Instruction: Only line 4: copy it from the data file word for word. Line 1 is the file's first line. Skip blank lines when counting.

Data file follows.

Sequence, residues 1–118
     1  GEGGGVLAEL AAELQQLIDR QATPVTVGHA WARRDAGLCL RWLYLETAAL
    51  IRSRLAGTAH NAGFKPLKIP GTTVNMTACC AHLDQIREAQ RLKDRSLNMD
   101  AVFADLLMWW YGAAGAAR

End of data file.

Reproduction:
   101  AVFADLLMWW YGAAGAAR